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Chip Cards and Travel — Can I Still Use My Card?

If you've traveled abroad any time over the last several years, you likely experienced a rude shock. Although withdrawing money from ATMs may have been easy, your credit card probably didn't work at most restaurants, stores and tourist attractions outside of the United States.

As many Americans discover the hard way:

  • MasterCard isn't always for everything else.
  • Visa isn't necessarily everywhere you want to be.

What gives?

Why American Plastic Doesn’t Work Abroad

Most major retail markets around the world now use EMVs as their official card payment standard. These chip-enabled credit cards offer much greater protection against in-store fraud.

The U.S. only recently adopted the EMV standard — although compliance isn't 100 percent mandatory. In October 2015, new liability rules went into effect, placing pressure on merchants and card issuers that don't begin using EMVs.

In Europe and most parts of Asia, however, the penalty for not adopting EMVs is much stronger. So much so that many merchants won't accept traditional magstripe cards — even if their terminals are capable of reading these older forms of plastic. 

Some international merchants will accept non-EMV plastic; but in order to be sure, you would need to call ahead at every hotel, restaurant and shop in advance to verify this fact.

Does this mean that as an American, it's no longer practical to travel abroad for spring break or summer vacation?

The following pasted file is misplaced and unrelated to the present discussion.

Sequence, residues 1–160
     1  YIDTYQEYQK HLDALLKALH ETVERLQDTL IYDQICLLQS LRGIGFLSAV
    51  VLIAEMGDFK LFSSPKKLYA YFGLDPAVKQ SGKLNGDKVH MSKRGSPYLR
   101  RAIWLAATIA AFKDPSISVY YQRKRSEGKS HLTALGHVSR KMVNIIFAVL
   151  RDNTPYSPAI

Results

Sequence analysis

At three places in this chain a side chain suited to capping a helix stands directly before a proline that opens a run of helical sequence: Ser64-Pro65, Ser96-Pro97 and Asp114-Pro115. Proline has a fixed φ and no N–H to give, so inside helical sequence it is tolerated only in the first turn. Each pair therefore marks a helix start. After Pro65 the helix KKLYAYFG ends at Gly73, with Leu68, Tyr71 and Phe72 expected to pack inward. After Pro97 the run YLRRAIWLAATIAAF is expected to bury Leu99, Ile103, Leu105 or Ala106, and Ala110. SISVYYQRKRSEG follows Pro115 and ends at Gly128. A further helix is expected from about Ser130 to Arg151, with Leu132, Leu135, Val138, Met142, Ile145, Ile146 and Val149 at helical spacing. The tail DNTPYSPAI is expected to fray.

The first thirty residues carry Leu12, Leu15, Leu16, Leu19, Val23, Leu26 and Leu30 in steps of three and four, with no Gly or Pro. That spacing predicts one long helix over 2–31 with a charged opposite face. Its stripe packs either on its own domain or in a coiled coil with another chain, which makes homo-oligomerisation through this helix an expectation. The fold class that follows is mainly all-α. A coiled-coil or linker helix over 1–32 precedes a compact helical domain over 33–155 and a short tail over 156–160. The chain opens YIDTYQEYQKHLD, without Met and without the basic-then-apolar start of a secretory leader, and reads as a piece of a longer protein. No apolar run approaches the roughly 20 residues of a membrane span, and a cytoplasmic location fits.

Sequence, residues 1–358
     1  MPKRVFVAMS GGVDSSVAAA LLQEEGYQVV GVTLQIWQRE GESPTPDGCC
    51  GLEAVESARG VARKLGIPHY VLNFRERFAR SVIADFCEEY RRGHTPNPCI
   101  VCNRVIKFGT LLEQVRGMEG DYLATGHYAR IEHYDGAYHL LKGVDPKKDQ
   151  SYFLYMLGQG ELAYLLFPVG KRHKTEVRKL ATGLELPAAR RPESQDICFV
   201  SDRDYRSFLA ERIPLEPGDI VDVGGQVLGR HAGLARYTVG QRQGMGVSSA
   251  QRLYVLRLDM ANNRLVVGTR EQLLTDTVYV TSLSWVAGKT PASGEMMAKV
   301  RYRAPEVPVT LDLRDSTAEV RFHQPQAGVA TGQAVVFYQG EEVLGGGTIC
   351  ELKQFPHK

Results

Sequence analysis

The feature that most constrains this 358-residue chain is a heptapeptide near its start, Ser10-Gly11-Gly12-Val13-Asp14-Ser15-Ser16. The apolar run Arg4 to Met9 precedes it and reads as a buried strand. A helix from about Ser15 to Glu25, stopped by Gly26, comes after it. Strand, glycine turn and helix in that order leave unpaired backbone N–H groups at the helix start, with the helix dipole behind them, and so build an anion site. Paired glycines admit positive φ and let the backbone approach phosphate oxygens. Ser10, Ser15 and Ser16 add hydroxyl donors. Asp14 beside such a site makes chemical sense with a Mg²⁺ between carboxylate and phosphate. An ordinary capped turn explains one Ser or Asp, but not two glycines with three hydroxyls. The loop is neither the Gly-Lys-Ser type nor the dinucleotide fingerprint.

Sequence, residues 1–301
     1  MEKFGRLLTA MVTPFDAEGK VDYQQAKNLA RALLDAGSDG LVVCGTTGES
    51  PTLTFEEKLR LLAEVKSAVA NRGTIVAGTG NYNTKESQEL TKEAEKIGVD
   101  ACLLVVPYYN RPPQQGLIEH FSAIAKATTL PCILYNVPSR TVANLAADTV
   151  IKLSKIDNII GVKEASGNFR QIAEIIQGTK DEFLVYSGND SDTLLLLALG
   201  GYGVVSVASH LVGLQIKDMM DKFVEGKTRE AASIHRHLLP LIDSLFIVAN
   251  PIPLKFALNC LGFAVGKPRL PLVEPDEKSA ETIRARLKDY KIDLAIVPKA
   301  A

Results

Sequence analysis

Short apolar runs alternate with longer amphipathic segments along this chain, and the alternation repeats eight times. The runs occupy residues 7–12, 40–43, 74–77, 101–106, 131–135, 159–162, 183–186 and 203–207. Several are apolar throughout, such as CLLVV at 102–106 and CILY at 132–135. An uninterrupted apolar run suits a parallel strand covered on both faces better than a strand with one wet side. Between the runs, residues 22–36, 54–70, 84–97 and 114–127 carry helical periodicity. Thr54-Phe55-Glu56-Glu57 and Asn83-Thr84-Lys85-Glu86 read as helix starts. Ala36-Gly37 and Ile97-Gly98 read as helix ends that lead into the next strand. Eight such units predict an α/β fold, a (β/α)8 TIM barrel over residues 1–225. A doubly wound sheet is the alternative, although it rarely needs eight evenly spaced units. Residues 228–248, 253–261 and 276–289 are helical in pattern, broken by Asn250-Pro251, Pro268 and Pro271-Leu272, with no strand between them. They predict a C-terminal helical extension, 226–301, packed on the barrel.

Not necessarily.

EMVs Are Becoming Mainstream in the United States

Thanks to these liability rules, EMV adoption is becoming more widespread throughout the U.S. In fact, there is a very good chance that you already have a chip-enabled card in your wallet — without even knowing it. Roughly 70 percent of stateside card issuers have sent EMVs to their customers — and that percentage will only increase in the coming year.

To check if you are already carrying EMV plastic, look for an embedded chip on the front or back of your card. It should be about the size of a micro SIM card.

If you do have a chip-enabled card, you should be good to go; although we recommend testing your card before traveling. Not all U.S. merchants are EMV-ready yet, but most of the big-name retailers are. Be sure to practice on an EMV terminal.

If you don't have an EMV card yet, call your bank right away and order one. 

Why EMVs Plus Cash Is Your Best Bet

As you travel, EMVs should cover you in most situations. However, even with chip-enabled plastic in your pocket, you won't be covered for all international encounters.

Some services only accept credit cards issued by local banks. In France, for example, certain gas stations and tollbooths won't be able to read your American EMV. Therefore, you'll need to carry a little extra cash everywhere you go. Just be on the lookout for pickpockets.

Enjoy your travels, and if you have any additional questions about EMV credit cards, contact us today for a free consultation.

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